The Ghana cedi may receive a sentiment boost should the government secure a staff-level agreement with the International Monetary Fund by December 2022, the September 2022 African Markets Revealed report by the Standard Chartered Bank has stated.
The report however, stated that debt restructuring concerns may restrain foreign portfolio investment until there is clarity on the mooted deal.
In its base case scenario, Standard Chartered Bank foresees at least a staff-level agreement with the IMF for a funded programme between December 2022 and April 2023.
“Our base case foresees at least a staff-level agreement with the IMF for a funded programme worth around $3.0 billion between December 2022 and Apr 2023. However, disbursement here may depend on the requisite debt restructuring requirements and the concomitant timeliness”.
The country’s gross forex reserves were down around $2.1 billion between January 2022 and June 2022 and $3.4 billion between June 2022 and July 2022.
The report added that should the government secure a staff-level agreement with the IMF by December 2022, expenditure on capital projects may have to be postponed in order to consolidate public finances.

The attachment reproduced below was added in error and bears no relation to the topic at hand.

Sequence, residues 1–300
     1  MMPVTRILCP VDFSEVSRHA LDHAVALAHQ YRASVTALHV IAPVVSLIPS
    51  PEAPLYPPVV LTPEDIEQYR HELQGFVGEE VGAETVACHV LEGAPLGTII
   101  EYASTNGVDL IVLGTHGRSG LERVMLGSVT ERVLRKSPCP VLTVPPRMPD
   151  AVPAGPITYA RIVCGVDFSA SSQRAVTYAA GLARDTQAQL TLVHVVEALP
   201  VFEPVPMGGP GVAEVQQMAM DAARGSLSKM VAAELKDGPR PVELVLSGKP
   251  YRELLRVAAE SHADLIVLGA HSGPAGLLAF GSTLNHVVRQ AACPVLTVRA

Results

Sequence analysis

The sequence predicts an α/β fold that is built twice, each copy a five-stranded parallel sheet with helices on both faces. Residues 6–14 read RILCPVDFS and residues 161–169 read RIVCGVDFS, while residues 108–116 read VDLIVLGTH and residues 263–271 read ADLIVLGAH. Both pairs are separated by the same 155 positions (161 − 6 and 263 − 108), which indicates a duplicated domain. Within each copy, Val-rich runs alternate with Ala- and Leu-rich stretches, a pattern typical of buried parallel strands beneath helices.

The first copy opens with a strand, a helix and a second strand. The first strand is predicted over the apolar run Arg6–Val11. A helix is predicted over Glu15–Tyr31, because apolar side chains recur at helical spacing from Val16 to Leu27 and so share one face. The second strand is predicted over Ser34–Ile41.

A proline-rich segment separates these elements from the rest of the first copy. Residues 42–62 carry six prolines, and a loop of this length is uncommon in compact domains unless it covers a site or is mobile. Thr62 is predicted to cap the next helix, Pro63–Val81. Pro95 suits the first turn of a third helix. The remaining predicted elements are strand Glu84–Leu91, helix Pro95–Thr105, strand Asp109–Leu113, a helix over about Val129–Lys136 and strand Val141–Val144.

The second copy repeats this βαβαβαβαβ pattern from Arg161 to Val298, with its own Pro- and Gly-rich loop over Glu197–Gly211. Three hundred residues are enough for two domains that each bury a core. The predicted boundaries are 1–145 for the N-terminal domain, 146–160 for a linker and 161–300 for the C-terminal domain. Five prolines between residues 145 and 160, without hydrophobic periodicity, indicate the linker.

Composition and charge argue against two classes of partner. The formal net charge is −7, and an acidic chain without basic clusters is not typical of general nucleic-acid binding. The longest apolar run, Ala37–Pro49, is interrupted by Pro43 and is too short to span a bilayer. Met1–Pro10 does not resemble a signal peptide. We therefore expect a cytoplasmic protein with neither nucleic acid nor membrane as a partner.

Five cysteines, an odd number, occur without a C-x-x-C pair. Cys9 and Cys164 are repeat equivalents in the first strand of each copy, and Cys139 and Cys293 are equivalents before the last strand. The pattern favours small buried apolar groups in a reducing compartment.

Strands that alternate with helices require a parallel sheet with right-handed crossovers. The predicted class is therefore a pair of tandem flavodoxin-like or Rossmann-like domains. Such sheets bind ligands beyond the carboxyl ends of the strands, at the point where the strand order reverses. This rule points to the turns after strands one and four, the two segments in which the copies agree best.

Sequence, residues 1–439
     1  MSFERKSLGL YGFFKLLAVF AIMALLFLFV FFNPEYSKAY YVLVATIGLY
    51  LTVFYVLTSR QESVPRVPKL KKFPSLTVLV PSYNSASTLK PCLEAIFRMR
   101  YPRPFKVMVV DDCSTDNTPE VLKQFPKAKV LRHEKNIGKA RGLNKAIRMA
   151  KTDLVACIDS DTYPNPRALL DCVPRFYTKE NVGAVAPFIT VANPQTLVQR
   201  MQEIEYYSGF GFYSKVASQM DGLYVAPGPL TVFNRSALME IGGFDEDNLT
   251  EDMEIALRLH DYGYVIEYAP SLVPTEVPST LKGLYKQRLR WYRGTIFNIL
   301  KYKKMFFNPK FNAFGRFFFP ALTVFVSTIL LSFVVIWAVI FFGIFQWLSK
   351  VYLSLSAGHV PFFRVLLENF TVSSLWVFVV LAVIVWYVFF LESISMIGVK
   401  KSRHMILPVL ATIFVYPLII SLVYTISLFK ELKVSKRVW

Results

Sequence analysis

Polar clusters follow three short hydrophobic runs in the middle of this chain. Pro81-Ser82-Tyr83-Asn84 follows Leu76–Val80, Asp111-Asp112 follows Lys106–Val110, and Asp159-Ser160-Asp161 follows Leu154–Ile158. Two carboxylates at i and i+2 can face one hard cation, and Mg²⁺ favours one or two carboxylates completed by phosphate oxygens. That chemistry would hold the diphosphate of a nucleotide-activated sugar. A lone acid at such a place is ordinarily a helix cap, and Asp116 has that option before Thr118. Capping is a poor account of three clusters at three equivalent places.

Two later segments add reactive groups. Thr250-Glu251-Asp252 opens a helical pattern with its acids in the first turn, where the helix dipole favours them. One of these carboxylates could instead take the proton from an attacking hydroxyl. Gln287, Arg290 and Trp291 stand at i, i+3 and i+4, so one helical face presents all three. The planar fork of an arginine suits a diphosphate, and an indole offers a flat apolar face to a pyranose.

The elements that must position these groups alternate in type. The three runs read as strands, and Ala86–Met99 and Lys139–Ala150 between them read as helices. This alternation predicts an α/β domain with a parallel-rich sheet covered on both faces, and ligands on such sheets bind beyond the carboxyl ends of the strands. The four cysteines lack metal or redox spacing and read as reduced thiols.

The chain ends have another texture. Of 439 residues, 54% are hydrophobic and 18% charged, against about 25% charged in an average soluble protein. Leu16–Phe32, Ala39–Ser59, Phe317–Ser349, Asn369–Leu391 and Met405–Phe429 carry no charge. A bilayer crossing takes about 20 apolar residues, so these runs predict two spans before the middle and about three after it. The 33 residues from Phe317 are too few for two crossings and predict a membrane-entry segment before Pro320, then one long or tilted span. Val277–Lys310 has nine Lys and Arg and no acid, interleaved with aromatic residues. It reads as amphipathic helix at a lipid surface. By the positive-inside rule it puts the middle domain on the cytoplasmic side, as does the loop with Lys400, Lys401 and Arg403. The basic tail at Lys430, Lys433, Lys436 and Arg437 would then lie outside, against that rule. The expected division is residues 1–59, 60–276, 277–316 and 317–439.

This according to the report meant infrastructural projects would come to a halt at least for some time.
The report said Current Account deficit would narrow to 2.1 per cent of Gross Domestic Product (GDP) in 2022, but thereafter widen to 3.6 per cent in 2023.
“Growth in goods exports has been robust, and the rise in goods imports is gradual. Gold exports grew by 13.1 per cent year-on-year, to $3.0 billion in June 2022, while oil exports receipts rose 61.3 per cent year-on-year, to $2.8 billion,” it said.
It also said oil export earnings may moderate in 2023 as international prices soften further.
Gold prices too may trend down over the coming year, although domestic production may recover further and support goods exports.
BY TIMES REPORTER